Dataflow Concurrency (Scala)

Dataflow Concurrency (Scala)

Description

Akka implements Oz-style dataflow concurrency by using a special API for Futures (Scala) that allows single assignment variables and multiple lightweight (event-based) processes/threads.

Dataflow concurrency is deterministic. This means that it will always behave the same. If you run it once and it yields output 5 then it will do that every time, run it 10 million times, same result. If it on the other hand deadlocks the first time you run it, then it will deadlock every single time you run it. Also, there is no difference between sequential code and concurrent code. These properties makes it very easy to reason about concurrency. The limitation is that the code needs to be side-effect free, e.g. deterministic. You can’t use exceptions, time, random etc., but need to treat the part of your program that uses dataflow concurrency as a pure function with input and output.

The best way to learn how to program with dataflow variables is to read the fantastic book Concepts, Techniques, and Models of Computer Programming. By Peter Van Roy and Seif Haridi.

The documentation is not as complete as it should be, something we will improve shortly. For now, besides above listed resources on dataflow concurrency, I recommend you to read the documentation for the GPars implementation, which is heavily influenced by the Akka implementation:

Getting Started

Scala’s Delimited Continuations plugin is required to use the Dataflow API. To enable the plugin when using sbt, your project must inherit the AutoCompilerPlugins trait and contain a bit of configuration as is seen in this example:

autoCompilerPlugins := true,
libraryDependencies <+= scalaVersion { v => compilerPlugin("org.scala-lang.plugins" % "continuations" % <scalaVersion>) },
scalacOptions += "-P:continuations:enable",

Dataflow Variables

Dataflow Variable defines four different operations:

  1. Define a Dataflow Variable
val x = Promise[Int]()
  1. Wait for Dataflow Variable to be bound (must be contained within a Future.flow block as described in the next section)
x()
  1. Bind Dataflow Variable (must be contained within a Future.flow block as described in the next section)
x << 3
  1. Bind Dataflow Variable with a Future (must be contained within a Future.flow block as described in the next section)
x << y

A Dataflow Variable can only be bound once. Subsequent attempts to bind the variable will be ignored.

Dataflow Delimiter

Dataflow is implemented in Akka using Scala’s Delimited Continuations. To use the Dataflow API the code must be contained within a Future.flow block. For example:

import Future.flow
implicit val dispatcher = ...

val a = Future( ... )
val b = Future( ... )
val c = Promise[Int]()

flow {
  c << (a() + b())
}

val result = Await.result(c, timeout)

The flow method also returns a Future for the result of the contained expression, so the previous example could also be written like this:

import Future.flow
implicit val dispatcher = ...

val a = Future( ... )
val b = Future( ... )

val c = flow {
  a() + b()
}

val result = Await.result(c, timeout)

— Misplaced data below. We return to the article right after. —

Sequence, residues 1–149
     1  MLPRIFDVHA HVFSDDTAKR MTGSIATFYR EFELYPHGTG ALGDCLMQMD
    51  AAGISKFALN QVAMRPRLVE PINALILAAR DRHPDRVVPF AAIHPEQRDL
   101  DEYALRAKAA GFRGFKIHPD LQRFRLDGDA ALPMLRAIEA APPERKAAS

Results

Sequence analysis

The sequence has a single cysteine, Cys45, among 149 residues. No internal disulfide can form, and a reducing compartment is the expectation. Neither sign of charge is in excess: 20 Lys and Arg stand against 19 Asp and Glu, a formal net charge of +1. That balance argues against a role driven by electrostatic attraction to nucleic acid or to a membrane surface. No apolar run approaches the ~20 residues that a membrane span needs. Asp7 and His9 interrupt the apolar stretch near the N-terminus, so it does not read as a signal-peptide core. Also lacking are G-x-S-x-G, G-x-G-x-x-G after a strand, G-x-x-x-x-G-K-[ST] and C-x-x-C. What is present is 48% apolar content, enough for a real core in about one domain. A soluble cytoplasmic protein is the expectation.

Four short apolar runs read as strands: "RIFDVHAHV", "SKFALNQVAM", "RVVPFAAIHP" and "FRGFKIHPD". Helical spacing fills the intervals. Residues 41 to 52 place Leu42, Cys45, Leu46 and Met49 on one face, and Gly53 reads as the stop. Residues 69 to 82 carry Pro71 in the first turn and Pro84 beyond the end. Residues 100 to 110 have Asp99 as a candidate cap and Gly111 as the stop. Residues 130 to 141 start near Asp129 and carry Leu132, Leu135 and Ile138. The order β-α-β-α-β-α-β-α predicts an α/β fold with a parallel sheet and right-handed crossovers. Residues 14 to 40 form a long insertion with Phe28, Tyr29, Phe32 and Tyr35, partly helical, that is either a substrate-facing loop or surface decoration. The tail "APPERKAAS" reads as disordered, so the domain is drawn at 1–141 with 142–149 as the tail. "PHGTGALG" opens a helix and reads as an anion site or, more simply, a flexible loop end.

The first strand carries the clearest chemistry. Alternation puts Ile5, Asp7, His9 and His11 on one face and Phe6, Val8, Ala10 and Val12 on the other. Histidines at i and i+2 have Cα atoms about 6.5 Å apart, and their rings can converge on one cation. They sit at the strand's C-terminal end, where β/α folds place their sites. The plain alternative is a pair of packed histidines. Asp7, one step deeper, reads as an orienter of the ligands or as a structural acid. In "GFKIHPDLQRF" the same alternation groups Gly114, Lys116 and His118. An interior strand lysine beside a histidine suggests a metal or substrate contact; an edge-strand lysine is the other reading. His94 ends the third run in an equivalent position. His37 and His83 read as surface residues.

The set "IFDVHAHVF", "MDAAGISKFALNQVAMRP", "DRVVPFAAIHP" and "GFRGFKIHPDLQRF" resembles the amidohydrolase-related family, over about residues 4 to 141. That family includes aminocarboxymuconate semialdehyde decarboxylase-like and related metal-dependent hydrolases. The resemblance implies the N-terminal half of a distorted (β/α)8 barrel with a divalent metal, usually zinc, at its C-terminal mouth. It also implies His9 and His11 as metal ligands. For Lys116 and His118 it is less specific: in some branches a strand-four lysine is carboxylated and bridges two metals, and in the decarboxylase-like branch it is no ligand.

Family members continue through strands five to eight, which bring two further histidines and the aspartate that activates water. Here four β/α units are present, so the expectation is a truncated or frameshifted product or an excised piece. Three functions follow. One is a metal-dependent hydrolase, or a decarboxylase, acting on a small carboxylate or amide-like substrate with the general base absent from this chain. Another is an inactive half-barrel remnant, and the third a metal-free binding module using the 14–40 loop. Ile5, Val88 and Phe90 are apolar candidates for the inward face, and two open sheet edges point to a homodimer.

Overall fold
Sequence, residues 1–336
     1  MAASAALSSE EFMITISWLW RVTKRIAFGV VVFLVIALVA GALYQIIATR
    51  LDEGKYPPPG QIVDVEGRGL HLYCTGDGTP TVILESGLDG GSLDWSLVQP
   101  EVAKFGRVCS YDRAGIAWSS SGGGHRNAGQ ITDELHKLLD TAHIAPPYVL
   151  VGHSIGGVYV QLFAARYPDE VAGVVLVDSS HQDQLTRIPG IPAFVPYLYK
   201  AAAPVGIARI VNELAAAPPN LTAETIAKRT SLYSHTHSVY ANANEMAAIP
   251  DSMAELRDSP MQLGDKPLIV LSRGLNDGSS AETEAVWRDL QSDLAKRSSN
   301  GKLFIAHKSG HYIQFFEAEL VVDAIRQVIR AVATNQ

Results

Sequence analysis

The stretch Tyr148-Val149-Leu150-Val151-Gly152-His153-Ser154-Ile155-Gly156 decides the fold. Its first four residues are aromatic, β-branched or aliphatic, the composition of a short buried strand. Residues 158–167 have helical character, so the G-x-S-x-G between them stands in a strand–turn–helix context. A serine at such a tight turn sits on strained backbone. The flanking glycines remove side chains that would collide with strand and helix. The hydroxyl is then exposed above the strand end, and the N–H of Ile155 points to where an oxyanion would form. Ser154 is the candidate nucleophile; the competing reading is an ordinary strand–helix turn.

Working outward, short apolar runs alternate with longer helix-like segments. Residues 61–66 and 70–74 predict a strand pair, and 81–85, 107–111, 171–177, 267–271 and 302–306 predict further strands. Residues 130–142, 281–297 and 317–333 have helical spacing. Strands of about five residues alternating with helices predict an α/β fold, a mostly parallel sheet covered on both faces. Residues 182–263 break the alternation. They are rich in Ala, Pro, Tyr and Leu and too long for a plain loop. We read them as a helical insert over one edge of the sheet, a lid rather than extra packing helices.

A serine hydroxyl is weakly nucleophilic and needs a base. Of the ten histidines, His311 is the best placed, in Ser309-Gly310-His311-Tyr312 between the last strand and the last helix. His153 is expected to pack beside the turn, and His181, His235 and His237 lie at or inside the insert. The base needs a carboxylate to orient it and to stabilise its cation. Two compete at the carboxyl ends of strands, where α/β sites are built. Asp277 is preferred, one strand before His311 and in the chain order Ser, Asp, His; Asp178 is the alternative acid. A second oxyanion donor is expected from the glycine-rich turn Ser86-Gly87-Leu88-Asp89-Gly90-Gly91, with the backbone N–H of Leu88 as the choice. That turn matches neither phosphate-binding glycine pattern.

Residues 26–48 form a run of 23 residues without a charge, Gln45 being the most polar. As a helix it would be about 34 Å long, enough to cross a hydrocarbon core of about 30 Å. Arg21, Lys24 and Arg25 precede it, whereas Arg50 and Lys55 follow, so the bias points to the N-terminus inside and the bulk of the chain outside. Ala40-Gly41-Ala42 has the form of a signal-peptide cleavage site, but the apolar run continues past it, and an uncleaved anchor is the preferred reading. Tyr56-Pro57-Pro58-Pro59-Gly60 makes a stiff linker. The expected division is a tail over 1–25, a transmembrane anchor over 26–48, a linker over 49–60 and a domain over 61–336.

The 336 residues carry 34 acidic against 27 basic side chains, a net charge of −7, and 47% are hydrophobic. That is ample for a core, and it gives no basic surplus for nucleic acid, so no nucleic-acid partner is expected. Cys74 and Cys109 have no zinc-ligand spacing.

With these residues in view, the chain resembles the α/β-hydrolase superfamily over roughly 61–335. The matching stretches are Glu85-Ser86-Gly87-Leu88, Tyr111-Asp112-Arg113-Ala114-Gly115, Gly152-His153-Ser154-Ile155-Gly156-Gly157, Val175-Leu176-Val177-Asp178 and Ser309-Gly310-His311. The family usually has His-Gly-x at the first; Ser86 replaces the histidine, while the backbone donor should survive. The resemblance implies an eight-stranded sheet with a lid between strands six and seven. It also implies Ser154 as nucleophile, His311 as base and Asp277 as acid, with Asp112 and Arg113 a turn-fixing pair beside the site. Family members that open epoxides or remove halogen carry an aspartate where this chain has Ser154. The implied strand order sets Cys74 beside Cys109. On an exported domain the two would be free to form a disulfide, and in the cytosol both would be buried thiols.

Examples

Most of these examples are taken from the Oz wikipedia page

To run these examples:

  1. Start REPL
$ sbt
> project akka-actor
> console
Welcome to Scala version 2.9.1 (Java HotSpot(TM) 64-Bit Server VM, Java 1.6.0_25).
Type in expressions to have them evaluated.
Type :help for more information.

scala>

2. Paste the examples (below) into the Scala REPL. Note: Do not try to run the Oz version, it is only there for reference.

  1. Have fun.

Simple DataFlowVariable example

This example is from Oz wikipedia page: http://en.wikipedia.org/wiki/Oz_(programming_language). Sort of the “Hello World” of dataflow concurrency.

Example in Oz:

thread
  Z = X+Y     % will wait until both X and Y are bound to a value.
  {Browse Z}  % shows the value of Z.
end
thread X = 40 end
thread Y = 2 end

Example in Akka:

import akka.dispatch._
import Future.flow
implicit val dispatcher = ...

val x, y, z = Promise[Int]()

flow {
  z << x() + y()
  println("z = " + z())
}
flow { x << 40 }
flow { y << 2 }

Example of using DataFlowVariable with recursion

Using DataFlowVariable and recursion to calculate sum.

Example in Oz:

fun {Ints N Max}
  if N == Max then nil
  else
    {Delay 1000}
    N|{Ints N+1 Max}
  end
end

fun {Sum S Stream}
  case Stream of nil then S
  [] H|T then S|{Sum H+S T} end
end

local X Y in
  thread X = {Ints 0 1000} end
  thread Y = {Sum 0 X} end
  {Browse Y}
end

Example in Akka:

import akka.dispatch._
import Future.flow
implicit val dispatcher = ...

def ints(n: Int, max: Int): List[Int] = {
  if (n == max) Nil
  else n :: ints(n + 1, max)
}

def sum(s: Int, stream: List[Int]): List[Int] = stream match {
  case Nil => s :: Nil
  case h :: t => s :: sum(h + s, t)
}

val x, y = Promise[List[Int]]()

flow { x << ints(0, 1000) }
flow { y << sum(0, x()) }
flow { println("List of sums: " + y()) }

Example using concurrent Futures

Shows how to have a calculation run in another thread.

Example in Akka:

import akka.dispatch._
import Future.flow
implicit val dispatcher = ...

// create four 'Int' data flow variables
val x, y, z, v = Promise[Int]()

flow {
  println("Thread 'main'")

  x << 1
  println("'x' set to: " + x())

  println("Waiting for 'y' to be set...")

  if (x() > y()) {
    z << x
    println("'z' set to 'x': " + z())
  } else {
    z << y
    println("'z' set to 'y': " + z())
  }
}

flow {
  y << Future {
    println("Thread 'setY', sleeping")
    Thread.sleep(2000)
    2
  }
  println("'y' set to: " + y())
}

flow {
  println("Thread 'setV'")
  v << y
  println("'v' set to 'y': " + v())
}

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